Digital publishing is an added bonus to a traditional publisher as the global reach is enormous. As a traditional publisher, what we have is great goodwill, brand recognition and a very loyal customer network. Digital publishing is yet to gain the anticipated momentum. Most booklovers still stick to the feel of reading a book the traditional way, accepting the fact that excessive use of gadgets is a fad. For most of the current generation who plan a getaway vacation, the main item on the agenda is a secluded location away from gadgets.

Photo of the poet Kannadasan, with the famous politician film star, MG Ramachandran. Kannadasan songs were used in almost every film of those days.

You have been dealing with audio books of Kaviyarasar for quite long. What are the challenges you have faced in terms of encryption and cost?
Audio books were available in Cassette form in the 1990s but the market wasn’t big. With lots of online platform for audios and videos, I teased and tested the market with sample audio books. The traction was huge and some of it went viral.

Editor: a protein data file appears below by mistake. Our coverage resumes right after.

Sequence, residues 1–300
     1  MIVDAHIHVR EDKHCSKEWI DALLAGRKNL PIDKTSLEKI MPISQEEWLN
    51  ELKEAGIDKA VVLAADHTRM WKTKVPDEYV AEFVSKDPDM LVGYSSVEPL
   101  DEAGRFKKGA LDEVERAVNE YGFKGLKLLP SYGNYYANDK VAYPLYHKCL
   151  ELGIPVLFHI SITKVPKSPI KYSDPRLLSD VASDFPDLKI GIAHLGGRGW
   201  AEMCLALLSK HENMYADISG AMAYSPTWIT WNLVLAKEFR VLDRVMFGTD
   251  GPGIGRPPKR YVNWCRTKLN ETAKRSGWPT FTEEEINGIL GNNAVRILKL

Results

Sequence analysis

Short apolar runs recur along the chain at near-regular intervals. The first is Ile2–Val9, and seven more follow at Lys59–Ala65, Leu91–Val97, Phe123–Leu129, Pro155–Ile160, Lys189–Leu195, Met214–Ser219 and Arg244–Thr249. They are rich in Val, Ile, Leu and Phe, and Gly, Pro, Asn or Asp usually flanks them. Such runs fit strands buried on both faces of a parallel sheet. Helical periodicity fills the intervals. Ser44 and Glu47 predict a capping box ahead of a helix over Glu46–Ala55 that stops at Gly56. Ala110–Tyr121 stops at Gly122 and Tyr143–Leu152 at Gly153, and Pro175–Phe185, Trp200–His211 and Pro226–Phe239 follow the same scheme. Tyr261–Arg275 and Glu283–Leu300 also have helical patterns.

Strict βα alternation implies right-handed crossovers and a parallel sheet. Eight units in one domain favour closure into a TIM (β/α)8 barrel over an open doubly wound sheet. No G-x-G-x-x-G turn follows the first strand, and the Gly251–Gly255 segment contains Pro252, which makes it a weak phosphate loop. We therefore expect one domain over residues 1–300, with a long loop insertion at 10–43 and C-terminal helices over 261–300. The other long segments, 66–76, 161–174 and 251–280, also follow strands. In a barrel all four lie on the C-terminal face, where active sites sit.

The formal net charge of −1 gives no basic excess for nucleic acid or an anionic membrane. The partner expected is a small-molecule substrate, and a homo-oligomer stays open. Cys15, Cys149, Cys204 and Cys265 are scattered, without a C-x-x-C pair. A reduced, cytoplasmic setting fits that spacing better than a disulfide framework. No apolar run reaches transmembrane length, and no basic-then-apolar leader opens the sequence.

Content is the key and pitching the right audience calls for meticulous planning. I took the dive well aware of the fact that piracy might nip the business in the bud. No matter how elaborate the encryption may be, there is always a way to break it. I focused on Pricing, with the guidance of my father who has been in this business for long. He is also an advocate and I took his advice seriously and came up with a strategy to counter all negativity. Funny how people around you are all about throwing caution to the wind but never give you a solution. Lucky for me, the reverse psychology works as well. Cost of making a CD is very similar to that of a book, so we hit a sales volume that could allow pricing a CD cheaper than the physical book in order to penetrate the market and negate piracy in one stroke.

Tell us more about your selfpublishing venture?
An entrepreneur is the one who sees opportunity and seizes it. Kannadasan Pathippagam is very selective about the books that go to print. But the books that get rejected might still serve a niche audience or a closed group. The moment a script is off my table, it still goes to another publisher or a printer whose competencies are entirely different. In any business, the Customer is the King. Akin to that, in self-publishing the AUTHOR is the KING. I just created a platform for the KING to be in more demanding shoes.